FACT CHECK: Did Dr. Herbert Smitherman Invent These Common Household Items?

Elias Atienza | Senior Reporter

An image shared on Facebook claims the late chemist Dr. Herbert Smitherman invented multiple American household items, including Crest toothpaste and Folgers coffee.

Verdict: Misleading
While Smitherman did not invent the products mentioned in the post, he did improve upon them while working at Procter & Gamble, according to the company.
Fact Check: 

An image shared on Facebook shows a photo of Smitherman along with text that claims he invented several Procter & Gamble products, including Safeguard soap and Bounce fabric softener. Smitherman was a chemist who became the first African American with a doctorate degree to be hired by the company, according to his obituary on TriStateObits.

However, Smitherman did not invent any of the aforenoted products. (RELATED: Did McDonald’s and Coca-Cola Announce They Will No Longer Hire White People For Executive Positions?)

Crest toothpaste, for example, was invented in 1950 and publicly released by Procter & Gamble in 1956, ten years before Smitherman was hired by the company in 1966. Safeguard soap launched in 1963, while Folgers Coffee had been founded in the 1850s then sold to Procter & Gamble in 1963. Bounce had been patented by Conrad J. Gaiser in 1969, who later sold the rights to the product to Procter & Gamble, according to Chemical and Engineer News.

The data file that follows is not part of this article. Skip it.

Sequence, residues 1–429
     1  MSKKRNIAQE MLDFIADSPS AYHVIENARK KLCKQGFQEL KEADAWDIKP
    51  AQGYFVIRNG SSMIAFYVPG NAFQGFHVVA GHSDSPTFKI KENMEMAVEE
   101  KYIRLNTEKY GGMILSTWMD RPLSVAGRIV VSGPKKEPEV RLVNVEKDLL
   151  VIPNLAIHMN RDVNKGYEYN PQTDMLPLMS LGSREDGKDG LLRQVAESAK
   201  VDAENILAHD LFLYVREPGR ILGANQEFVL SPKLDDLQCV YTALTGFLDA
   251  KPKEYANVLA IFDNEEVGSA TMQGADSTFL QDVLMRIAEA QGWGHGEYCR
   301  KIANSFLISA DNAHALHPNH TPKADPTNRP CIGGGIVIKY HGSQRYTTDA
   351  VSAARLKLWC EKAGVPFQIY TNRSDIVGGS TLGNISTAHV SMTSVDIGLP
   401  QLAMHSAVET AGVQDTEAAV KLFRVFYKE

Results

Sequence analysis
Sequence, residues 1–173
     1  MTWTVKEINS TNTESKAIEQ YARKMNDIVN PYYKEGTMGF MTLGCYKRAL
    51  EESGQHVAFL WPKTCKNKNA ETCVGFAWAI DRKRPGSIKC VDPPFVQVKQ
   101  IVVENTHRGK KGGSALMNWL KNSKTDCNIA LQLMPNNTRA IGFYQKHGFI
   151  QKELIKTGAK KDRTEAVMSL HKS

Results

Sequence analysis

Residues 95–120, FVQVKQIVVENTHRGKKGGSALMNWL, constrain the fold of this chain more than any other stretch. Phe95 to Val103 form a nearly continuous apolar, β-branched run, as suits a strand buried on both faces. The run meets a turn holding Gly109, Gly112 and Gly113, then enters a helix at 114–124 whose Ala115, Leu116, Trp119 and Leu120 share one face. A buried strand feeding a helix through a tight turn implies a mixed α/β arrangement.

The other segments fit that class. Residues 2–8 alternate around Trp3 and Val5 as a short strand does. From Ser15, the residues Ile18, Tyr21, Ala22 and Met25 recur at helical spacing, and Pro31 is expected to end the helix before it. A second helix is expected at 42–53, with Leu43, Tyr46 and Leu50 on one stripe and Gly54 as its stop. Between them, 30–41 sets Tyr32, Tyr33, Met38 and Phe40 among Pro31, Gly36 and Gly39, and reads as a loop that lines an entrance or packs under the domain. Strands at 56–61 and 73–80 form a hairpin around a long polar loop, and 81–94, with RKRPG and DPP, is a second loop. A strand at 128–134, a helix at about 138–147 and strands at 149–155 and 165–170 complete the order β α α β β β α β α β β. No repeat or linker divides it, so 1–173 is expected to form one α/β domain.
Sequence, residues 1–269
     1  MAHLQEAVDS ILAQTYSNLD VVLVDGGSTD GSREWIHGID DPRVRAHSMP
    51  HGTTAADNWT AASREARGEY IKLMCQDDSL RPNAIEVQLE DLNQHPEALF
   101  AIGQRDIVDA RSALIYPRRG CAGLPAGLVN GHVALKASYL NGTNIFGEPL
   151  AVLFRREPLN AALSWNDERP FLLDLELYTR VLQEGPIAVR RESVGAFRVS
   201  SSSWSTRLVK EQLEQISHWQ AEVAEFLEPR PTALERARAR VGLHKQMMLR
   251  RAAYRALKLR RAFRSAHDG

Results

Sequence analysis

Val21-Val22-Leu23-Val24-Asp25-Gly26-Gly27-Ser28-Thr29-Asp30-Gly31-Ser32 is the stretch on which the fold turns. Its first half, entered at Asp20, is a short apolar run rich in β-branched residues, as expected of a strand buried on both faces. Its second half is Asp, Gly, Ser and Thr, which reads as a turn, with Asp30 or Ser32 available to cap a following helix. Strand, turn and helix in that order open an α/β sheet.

While Smitherman did not invent the products outright, he did help improve the formulas each used, according to the website Amplify Africa. Smitherman had two patents issued to him in relation to improvements he made during his tenure at Procter & Gamble. The first patent, titled “combined anticalculus and antiplaque compositions” has to do with dental care products. The second patent, titled “Process for the preparation of sulfonated detergent composition,” involves soap products.

“Dr. Smitherman played key roles over his 29 years at P&G in the invention of technologies that improved all of those brands,” a spokesperson for Procter and Gamble told Check Your Fact in an email. “While he did not invent the technologies that established those brands, during his time at P&G he developed technologies that improved all of those brands for consumers.”

“There are many contributors within P&G to the technology that is developed for our products, and only a few key individuals have their names placed on the patents,” the spokesperson continued. “Dr. Smitherman appeared on at least 6 patents for key technologies to P&G’s Fabric Care and Oral Care brands.”

Elias Atienza

Senior Reporter
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